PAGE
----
The U.S. wireless industry leads the world in innovation, value and consumer satisfaction because the current regulatory framework allows for unrestricted competition in the wireless ecosystem. If additional legislative or regulatory support is needed to maintain this momentum, consumers will be best served if government action remains at the national level, and states are allowed to take appropriate action only relative to their laws of general applicability. This is why CTIA – The Wireless Association® believes policymakers should take a very cautious view toward regulating the vibrant mobile ecosystem.
Wireless networks are different. Mobile wireless providers don’t just deliver broadband to the premises; they deliver broadband to the person. Consumers demand access to the Internet anytime and anywhere, which is why wireless broadband is by far the fastest-growing and most competitive category of broadband connections. Given the unique aspects of mobile broadband, from the technologies involved and complexities of network management to the pace of innovation and consumer demand for ever-increasing bandwidth and applications, policymakers need to recognize that this industry is delivering a level of service and value unimagined only a few years ago. Competition—not regulation—is the driving force.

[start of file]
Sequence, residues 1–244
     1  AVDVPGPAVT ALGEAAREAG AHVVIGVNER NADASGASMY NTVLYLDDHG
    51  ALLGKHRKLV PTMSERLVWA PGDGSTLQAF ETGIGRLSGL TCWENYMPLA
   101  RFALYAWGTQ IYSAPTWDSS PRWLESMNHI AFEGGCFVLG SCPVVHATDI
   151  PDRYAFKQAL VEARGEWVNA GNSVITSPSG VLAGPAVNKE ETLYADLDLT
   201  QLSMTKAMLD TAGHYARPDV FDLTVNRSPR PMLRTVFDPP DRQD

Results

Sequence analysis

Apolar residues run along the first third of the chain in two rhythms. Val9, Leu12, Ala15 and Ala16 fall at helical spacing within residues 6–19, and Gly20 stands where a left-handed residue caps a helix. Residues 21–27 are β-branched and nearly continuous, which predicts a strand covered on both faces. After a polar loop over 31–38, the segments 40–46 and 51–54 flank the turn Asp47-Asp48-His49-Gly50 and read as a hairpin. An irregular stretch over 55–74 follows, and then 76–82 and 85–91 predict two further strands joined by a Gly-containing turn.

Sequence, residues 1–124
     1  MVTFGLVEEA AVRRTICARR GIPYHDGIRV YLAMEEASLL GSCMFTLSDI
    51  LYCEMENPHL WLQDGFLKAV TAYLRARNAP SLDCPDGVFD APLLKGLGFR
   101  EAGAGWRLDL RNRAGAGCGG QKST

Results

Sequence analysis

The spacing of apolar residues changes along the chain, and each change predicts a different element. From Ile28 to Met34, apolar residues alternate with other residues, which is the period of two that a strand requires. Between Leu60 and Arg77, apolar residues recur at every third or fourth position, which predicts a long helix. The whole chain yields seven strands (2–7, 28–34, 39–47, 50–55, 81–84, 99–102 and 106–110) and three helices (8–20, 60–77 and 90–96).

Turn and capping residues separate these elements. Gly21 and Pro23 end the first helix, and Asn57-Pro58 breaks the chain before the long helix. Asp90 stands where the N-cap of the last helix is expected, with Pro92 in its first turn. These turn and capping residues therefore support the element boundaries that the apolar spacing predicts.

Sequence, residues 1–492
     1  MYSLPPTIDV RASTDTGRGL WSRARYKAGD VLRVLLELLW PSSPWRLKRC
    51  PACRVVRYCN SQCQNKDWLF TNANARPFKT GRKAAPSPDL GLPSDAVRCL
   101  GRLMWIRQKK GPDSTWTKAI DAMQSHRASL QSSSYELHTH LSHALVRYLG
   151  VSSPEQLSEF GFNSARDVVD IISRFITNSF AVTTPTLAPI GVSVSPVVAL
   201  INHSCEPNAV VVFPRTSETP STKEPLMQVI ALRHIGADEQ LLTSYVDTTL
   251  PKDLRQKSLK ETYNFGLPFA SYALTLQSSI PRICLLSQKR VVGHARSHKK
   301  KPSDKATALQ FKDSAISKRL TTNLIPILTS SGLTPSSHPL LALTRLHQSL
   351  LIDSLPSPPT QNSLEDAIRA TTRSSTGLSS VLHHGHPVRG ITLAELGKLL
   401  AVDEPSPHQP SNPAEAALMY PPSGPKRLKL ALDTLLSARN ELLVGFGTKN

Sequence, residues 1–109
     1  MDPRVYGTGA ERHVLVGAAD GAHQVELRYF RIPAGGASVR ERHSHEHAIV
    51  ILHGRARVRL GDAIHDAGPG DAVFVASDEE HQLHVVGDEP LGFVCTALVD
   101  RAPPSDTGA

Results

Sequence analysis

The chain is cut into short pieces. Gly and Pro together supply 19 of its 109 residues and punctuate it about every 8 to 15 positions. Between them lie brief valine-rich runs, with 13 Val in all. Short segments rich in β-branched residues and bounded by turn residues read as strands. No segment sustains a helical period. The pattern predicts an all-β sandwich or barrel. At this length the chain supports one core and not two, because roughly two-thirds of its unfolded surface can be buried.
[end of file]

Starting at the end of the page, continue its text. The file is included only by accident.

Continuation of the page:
- State-by-state regulation would only increase consumer costs and lower satisfaction.
- As the national licensing authority over a national industry, the Federal Communications Commission (FCC) is the appropriate government body to safeguard consumer protection, public health and safety in the event of any demonstrated market failure. A patchwork of laws and regulations across the U.S. would disrupt the immense benefits consumers are enjoying as a result of a highly competitive mobile broadband marketplace. If states were allowed to create their own unique requirements, consumers would be harmed because wireless providers would no longer be able to use the business efficiencies of national billing platforms, customer care operations and other back-office support.
- The U.S. model for consumer value is changing the way the world views wireless.
- In just 10 years, global providers have started offering larger calling plans, bundling and simplifying their service offerings and international regulators are looking at ways to liberalize their regimes to match the flexibility that is driving the innovation and competition in the U.S. wireless industry. In America, consumer demand for more and better services drives a cycle of infrastructure-friendly policies and consumer-friendly marketplace responses that benefit the overall national economy. The U.S. wireless industry directly/indirectly provides more than 2.4 million jobs and its economic contribution has grown more than five times faster than the economy overall (16 percent versus 3 percent). The industry invests an average of $22.8 billion a year on network upgrades. Given that wireless carriers continue to expand the next generation service into markets around the country, and the National Broadband Plan is looking to expand broadband services to reach every American, the wireless industry is poised to remain a major economic driver for years to come—provided government does not disrupt the virtuous cycle that benefits American consumers.
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